When law-enforcement depends on cyber-insecurity, we're all at risk

It's not enough to pass rules limiting use of "stingray" mobile-phone surveillance devices by civilians: for so long as cops depend on these devices, the vulnerabilities they exploit will not be fixed, leaving us all at risk.

Stephanie Pell's Wired op-ed concisely makes the important point that the development of offensive "cybersecurity" measures, like tools that weaponize vulnerabilities in our commonly used technology, comes at the expense of the far more important defensive measures, like fixing those vulnerabilities so that foreign spies, crooks, voyeurs, and other creeps can't use them to attack the guilty and innocent alike.

It's part of the argument I make in The Coming War Over General Purpose Computers: if you set out to secure society by making computers that disobey and trick their (potentially evil) owners, then you also end up designing computers that bad guys can take over and use to attack everyone, because once you get into the control structures of those systems, their owners have no way to monitor them or turn them off.

With the democratization and globalization of this surveillance tool, Chairman Wheeler is right to be concerned about the unlawful use of IMSI catchers by criminals and foreign spies in the United States. In stopping there, however, the FCC letter fails to acknowledge or address a more fundamental issue: IMSI catchers, whether employed illegally by criminals or legally by U.S. law enforcement, function by exploiting long-standing cyber security vulnerabilities in our cellular networks. Any genuine solution to the "illicit" IMSI catcher problem must address the continuing presence of network vulnerabilities that are exploitable by anyone who possesses this widely available surveillance technology.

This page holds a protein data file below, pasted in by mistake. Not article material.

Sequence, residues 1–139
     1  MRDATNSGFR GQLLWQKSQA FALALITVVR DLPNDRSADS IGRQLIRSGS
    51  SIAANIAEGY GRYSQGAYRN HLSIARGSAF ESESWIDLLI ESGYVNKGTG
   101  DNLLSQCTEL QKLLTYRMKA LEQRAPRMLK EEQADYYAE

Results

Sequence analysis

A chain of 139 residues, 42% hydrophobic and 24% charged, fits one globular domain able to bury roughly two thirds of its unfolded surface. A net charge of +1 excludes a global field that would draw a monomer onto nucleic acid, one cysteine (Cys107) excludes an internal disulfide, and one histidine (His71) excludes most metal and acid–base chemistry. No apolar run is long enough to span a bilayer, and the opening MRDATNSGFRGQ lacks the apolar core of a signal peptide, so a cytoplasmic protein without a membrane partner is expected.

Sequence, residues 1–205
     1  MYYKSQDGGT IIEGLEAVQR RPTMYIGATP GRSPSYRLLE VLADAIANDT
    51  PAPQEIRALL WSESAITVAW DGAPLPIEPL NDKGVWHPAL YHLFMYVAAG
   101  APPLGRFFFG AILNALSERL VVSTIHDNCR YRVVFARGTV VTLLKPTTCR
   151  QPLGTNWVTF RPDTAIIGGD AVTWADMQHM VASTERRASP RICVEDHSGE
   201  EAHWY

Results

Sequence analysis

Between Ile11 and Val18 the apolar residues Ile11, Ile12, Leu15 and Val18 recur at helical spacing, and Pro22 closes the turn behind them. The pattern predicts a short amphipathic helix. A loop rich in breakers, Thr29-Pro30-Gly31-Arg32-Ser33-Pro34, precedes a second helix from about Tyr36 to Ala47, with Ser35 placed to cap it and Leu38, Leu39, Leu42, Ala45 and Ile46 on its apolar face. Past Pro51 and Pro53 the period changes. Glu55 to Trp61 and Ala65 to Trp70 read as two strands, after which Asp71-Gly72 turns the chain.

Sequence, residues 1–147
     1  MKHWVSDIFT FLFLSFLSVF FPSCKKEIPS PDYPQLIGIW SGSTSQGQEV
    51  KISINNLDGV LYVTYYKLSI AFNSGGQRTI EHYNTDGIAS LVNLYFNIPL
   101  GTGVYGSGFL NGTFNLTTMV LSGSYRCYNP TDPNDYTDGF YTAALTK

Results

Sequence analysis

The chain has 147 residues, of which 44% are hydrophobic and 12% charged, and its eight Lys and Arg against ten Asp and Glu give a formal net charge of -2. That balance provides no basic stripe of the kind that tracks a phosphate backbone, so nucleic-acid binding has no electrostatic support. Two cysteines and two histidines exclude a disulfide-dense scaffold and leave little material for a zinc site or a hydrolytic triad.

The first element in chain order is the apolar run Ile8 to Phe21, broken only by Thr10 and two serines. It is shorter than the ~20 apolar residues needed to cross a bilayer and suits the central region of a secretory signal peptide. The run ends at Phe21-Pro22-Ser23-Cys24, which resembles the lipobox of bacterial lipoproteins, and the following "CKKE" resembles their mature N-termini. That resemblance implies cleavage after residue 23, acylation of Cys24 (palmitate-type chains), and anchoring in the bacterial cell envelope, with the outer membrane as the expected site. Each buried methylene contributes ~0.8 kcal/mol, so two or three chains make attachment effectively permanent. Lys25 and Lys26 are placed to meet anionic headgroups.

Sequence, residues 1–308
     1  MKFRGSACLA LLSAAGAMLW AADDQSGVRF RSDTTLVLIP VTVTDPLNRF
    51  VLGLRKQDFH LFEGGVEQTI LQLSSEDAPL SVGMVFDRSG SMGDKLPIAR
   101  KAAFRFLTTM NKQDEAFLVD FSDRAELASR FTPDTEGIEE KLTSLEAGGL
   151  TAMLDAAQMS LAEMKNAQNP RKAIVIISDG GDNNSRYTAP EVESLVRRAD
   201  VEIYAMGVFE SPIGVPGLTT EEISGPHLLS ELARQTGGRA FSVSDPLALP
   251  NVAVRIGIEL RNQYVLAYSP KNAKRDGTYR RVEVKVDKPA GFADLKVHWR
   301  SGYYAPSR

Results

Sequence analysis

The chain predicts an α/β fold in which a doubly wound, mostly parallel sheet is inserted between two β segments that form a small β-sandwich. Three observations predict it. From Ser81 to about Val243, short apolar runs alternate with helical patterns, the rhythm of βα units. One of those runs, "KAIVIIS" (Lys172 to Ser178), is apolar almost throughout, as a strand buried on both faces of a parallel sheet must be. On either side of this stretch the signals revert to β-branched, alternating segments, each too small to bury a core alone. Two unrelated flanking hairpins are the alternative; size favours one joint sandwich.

One consequence of securing our national telephone networks from rogue IMSI catchers, however, is that doing so will render it more difficult for law enforcement to monitor targets' cell phones with their own IMSI catchers. That is, by protecting our phone networks from illegal surveillance, it will also become more difficult for U.S. government agencies to engage in certain kinds of lawful surveillance.

Policymakers seeking to address the illicit IMSI catcher problem must therefore grapple with the inherent tension between court-approved use of certain surveillance technologies and the contemporary effort to harden our communications networks against a broad spectrum of cyber threats. Given the serious cyber threats our country faces, the surveillance benefits realized by law enforcement through the use of IMSI catchers can no longer justify ignoring the cyber security weaknesses in our communications networks that enable their operation. Indeed, policymakers should take a dim view of any aspects of national surveillance policy and practice that rely upon perpetual network vulnerabilities. Such vulnerabilities no longer represent exclusive opportunities for effective surveillance by law enforcement and intelligence agencies since their operational hegemony in this area has long since been lost. Rather, these security flaws constitute an increasing risk to privacy and public safety that should become the subject of a full and open policy discussion of the kind the FCC's new task force will presumably conduct.

We Must Secure America's Cell Networks—From Criminals and Cops [Stephanie Pell/Wired]

(Image: Cell tower, Ervins Strauhmanis, CC-BY)